April 1963 saw me walking through the gates of Trojan Works, the new headquarters of Lambretta Concessionaires, with little idea of the exciting events of the years ahead. I was greeted by two lovely young women – Sally Hurford and Silvia Schickner – who together managed the BLOA headquarters at the time. With their background knowledge they soon introduced me to a management committee headed by Pete Meads of the Luton Lambretta Club and many more wonderful people, including the very special Chuck Swonnell, who gave me such support in the next seven years.
My very first experience of organising a club event was a vintage rally where Lambretta models, some dating back to 1948, assembled ready to ride to Brighton. The enthusiasm of Club members was immediately infectious as I met them, equipped as I was with just a loud hailer and a clipboard ready to inspect their gleaming machines.
I was inspired by their immediate friendliness towards this new man in their midst. Greeted by numerous people, including young Chuck Swonnell, I immediately felt welcome. The whole attitude of the young people I encountered in this period demonstrated their progressive approach to life, which told me the BLOA image was outdated. By the end of my first year of responsibility I changed the name to Lambretta Club Great Britain. The new name fitted the mood of the moment. With petrol at one shilling and eleven pence a gallon and a new 150cc Pacemaker costing under £200 and able to achieve over 100 miles on a full tank, life could not be better.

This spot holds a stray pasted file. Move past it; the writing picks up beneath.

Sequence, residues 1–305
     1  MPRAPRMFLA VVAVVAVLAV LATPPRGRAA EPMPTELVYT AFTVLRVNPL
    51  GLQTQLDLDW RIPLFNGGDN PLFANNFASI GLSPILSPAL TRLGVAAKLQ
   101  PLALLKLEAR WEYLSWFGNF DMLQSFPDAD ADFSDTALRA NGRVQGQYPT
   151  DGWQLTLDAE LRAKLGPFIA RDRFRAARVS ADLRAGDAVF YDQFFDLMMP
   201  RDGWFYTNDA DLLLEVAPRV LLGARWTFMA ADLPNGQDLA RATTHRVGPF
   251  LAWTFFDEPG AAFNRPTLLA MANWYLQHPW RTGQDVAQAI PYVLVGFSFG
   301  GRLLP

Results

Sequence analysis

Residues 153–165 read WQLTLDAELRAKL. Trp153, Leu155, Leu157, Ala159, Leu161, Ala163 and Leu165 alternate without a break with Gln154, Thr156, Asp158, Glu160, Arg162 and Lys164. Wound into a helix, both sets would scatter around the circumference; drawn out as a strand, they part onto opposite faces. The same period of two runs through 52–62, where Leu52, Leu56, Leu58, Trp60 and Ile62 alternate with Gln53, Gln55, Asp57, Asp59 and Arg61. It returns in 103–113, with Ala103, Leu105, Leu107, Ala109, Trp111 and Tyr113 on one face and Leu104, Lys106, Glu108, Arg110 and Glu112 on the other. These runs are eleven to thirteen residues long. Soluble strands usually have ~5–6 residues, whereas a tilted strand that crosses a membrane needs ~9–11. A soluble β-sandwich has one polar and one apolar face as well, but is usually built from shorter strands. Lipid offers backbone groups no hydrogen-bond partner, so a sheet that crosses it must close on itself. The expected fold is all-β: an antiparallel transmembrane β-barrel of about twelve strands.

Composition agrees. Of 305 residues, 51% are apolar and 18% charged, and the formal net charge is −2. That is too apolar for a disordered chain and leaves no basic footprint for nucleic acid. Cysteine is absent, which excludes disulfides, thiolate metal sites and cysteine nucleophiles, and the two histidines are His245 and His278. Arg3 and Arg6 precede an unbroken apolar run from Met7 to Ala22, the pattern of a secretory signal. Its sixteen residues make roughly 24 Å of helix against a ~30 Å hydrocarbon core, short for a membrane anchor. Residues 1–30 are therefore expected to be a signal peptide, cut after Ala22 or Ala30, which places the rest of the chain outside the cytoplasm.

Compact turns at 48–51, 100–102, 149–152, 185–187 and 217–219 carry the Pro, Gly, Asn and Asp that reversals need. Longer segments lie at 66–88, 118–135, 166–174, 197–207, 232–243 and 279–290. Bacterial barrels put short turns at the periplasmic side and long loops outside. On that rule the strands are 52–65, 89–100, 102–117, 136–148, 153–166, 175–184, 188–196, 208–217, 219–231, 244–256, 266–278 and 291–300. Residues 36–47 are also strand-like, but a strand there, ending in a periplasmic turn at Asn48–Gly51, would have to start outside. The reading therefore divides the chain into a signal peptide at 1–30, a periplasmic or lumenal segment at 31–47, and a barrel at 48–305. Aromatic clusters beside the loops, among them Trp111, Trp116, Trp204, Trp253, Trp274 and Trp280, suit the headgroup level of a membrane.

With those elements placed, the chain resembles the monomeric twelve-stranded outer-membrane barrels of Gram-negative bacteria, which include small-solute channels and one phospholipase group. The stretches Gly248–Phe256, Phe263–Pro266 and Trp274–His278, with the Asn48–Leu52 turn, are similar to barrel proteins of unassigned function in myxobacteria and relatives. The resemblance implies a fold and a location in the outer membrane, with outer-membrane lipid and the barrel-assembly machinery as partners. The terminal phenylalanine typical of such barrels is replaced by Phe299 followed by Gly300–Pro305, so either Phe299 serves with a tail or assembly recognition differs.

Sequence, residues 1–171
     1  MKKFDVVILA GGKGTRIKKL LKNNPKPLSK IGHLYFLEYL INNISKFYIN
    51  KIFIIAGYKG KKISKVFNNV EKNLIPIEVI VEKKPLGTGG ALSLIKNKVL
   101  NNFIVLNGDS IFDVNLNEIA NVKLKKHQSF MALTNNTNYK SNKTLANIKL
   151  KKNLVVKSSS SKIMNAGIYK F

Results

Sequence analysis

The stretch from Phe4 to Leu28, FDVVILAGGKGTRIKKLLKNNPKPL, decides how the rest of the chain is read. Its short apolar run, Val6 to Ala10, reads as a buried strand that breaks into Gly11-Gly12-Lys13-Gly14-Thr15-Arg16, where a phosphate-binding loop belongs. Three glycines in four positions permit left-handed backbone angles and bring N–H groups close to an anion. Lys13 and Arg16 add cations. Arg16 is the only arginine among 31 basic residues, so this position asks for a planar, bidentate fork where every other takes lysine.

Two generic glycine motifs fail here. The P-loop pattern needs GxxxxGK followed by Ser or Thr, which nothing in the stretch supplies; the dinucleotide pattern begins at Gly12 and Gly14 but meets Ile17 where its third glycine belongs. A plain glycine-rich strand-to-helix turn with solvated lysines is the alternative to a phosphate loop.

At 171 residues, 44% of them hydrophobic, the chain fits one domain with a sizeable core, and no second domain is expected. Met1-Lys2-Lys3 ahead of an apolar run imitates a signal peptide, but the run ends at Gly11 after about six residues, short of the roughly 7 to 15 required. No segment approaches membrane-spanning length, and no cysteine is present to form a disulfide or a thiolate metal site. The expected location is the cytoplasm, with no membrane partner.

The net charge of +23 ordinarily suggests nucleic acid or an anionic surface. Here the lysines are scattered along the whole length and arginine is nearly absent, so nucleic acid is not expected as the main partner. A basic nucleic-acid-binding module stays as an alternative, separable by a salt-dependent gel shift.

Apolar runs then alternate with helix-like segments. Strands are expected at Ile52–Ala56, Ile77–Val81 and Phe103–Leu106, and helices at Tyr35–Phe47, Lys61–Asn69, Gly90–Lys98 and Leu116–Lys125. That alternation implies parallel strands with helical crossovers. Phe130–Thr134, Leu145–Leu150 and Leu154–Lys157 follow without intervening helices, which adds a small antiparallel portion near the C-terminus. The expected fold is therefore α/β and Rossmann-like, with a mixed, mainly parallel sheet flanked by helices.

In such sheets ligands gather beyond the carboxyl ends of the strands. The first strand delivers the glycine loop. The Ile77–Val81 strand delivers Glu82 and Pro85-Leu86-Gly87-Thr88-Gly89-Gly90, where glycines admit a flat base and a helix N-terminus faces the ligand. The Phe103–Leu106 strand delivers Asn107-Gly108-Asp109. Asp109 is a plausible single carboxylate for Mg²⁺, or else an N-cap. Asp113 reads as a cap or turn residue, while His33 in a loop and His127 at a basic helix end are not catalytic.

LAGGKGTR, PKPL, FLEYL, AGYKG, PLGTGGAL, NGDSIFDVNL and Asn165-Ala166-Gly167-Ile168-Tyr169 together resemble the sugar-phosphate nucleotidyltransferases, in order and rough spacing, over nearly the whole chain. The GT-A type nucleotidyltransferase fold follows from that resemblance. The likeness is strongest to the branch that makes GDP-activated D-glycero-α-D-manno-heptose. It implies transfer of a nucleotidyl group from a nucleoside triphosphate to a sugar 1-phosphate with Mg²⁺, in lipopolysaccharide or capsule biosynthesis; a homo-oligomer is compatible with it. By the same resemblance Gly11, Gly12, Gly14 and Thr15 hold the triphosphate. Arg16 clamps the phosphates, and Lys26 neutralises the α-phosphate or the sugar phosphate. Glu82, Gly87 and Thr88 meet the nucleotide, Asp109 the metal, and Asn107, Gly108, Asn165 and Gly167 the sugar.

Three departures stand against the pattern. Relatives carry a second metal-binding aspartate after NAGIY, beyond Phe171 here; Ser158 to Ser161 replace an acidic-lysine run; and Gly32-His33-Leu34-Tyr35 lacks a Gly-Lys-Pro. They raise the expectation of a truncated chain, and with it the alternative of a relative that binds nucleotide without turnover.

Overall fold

Plans were then announced of a new Lambretta House to be built on Purley Way, Croydon, as we planned our programme of annual events, including Snetterton Reliability Trial, scrambles, hill climbs and rallies around the UK. We were admiring the skills of our top club riders, who continually demonstrated they were riding “the World’s finest scooters”.
In August 1966, Lambretta MD Peter Agg appointed me Publicity Manager, in addition to all my club responsibilities. In the next four years, this gave me unlimited opportunities to explore previously untold ways of exploiting every method to promote sales. During these exciting years Bruce McLaren opened Lambretta House and I was able to launch many new models, including the SX range, where I created the then-controversial slogan “give yourself SX appeal”. A memorable highlight was introducing the Lunar range at the London Planetarium, as man first landed on the Moon.
There are untold facets of my Lambretta career which gave me pleasure, including being sent to Australia to launch the “Grand Prix” at the Melbourne Raceway. However, the greatest of all my memories is the enormous number of lifelong friends I made, with so many wonderful people in all four corners of the United Kingdom. Peter Baker remained a close friend until his death in 2003, and I remain in regular contact with Peter Meads and Maurice Knight, both of whom joined me to celebrate my 85th birthday in 2019!
Written by Bob Wilkinson.